Cardiovascular Specialists and Your Health Care  
 Cardiology, or the discipline of medicine that specializes in heart   disease, is a complex and sophisticated field. Generally, three types of    cardiology specialists care for your heart. A cardiologist has special training and skill in finding, treating, and   preventing diseases of the heart and blood vessels in adults.
After 5 1/2 years of medical school, these highly-trained  doctors spend from six to eight more years in specialized   training. A cardiologist receives three years of training in   internal medicine and three or more years in specialized   cardiology training. A pediatric cardiologist receives three   years of training in pediatrics, and three or more years in  specialized pediatric diology training. A cardiac surgeon  must complete three years of training in general surgery before  starting a two-or three-year cardiothoracic training program.   Some cardiac surgeons have additional training to perform  pediatric or transplant surgery.
At each stage of their training, these specialists must pass rigorous   exams that test their knowledge and judgment, as well as their ability   to provide superior care.  Cardiologists, pediatric cardiologists, and cardiac surgeons must first  become board-certified in their primary specialty (internal medicine,  pediatrics, and surgery respectively), and then certified in their subspecialty (cardiology, pediatric cardiology, and cardiothoracic  surgery respectively).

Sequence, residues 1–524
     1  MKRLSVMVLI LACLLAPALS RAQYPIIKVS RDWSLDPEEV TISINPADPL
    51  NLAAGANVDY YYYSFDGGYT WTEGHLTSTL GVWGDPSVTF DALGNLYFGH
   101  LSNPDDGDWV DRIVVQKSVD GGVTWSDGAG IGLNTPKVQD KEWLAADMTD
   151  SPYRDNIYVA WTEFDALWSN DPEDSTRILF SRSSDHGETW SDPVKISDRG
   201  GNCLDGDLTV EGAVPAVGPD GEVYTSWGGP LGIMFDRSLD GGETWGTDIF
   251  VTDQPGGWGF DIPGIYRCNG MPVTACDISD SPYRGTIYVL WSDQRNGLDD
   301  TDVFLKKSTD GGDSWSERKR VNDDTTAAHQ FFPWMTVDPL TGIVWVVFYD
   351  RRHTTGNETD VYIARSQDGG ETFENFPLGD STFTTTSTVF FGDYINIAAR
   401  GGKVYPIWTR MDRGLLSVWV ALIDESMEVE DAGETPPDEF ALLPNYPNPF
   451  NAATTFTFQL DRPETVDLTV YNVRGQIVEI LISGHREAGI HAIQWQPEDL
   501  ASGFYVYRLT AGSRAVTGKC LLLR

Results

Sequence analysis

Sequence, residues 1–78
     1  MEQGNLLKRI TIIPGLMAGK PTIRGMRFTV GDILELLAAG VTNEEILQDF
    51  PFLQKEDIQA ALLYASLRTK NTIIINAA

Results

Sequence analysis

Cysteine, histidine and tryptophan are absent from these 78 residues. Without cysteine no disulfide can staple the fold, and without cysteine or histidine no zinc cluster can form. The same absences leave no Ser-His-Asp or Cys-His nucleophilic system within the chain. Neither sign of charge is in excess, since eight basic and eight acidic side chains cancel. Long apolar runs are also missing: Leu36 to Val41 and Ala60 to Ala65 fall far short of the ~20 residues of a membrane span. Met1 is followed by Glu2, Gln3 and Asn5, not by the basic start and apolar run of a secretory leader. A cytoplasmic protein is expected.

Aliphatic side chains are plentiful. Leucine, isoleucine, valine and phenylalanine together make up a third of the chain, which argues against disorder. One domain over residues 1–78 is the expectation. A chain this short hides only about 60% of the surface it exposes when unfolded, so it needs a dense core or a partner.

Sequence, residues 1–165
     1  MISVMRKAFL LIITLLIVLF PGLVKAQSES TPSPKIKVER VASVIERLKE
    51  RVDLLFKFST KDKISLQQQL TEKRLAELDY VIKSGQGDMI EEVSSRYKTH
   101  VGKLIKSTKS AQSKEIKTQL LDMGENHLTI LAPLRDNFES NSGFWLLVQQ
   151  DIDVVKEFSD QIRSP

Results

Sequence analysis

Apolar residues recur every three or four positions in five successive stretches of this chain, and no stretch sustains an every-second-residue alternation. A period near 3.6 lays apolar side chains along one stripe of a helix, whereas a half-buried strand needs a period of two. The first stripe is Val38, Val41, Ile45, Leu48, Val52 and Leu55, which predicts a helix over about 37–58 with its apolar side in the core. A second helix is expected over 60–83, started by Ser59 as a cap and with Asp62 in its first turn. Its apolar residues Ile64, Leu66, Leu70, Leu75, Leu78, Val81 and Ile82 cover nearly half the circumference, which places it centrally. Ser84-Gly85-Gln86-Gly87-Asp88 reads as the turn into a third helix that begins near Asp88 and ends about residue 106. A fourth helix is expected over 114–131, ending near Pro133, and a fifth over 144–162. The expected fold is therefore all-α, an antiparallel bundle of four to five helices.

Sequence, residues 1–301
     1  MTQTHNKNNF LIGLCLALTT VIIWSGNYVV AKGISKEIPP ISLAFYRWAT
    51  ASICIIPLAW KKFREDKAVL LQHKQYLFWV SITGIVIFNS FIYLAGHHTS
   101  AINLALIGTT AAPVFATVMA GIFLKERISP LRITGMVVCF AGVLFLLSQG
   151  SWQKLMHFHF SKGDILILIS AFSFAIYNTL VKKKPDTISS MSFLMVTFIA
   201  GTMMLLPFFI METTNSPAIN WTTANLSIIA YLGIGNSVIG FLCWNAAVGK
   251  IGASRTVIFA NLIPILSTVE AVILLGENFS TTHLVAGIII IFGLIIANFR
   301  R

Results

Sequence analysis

Membership in the American College of Cardiology  
If your cardiology specialist adds F.A.C.C. - Fellow of the American College of Cardiology - to his or her name, it is a  sign of significant accomplishment and commitment to a  profession, to a specialty, and to the provision of the best   health care for the patient. Election to ACC membership is based on training, specialty board certification, scientific and professional  accomplishments, length of active participation in a  cardiovascular-related field, and peer recognition. Members   are expected to conform to high moral and ethical standards.
Referral to a Cardiologist  
Any time you have a significant heart or related condition, you may  require the attention of a cardiologist. Symptoms like shortness of  breath, chest pains, or dizzy spells often require special testing. Heart   murmurs or ECG changes are best evaluated by a cardiologist. Most   importantly, cardiologists treat heart attacks, heart failure, and serious  heart rhythm disturbances. Their skills and training are required for  decisions about heart catheterization, balloon angioplasty, heart   surgery, and other procedures. 
The Cardiologist and your Primary Care Physician  
The cardiologist usually serves as a consultant to other doctors,   although many provide general medical care for their patients. Your   primary care physician may recommend a cardiologist or you may   choose one yourself. As your cardiac care proceeds, your cardiologist   will guide your care and plan tests and treatment with the doctors and   nurses who are looking after you. 
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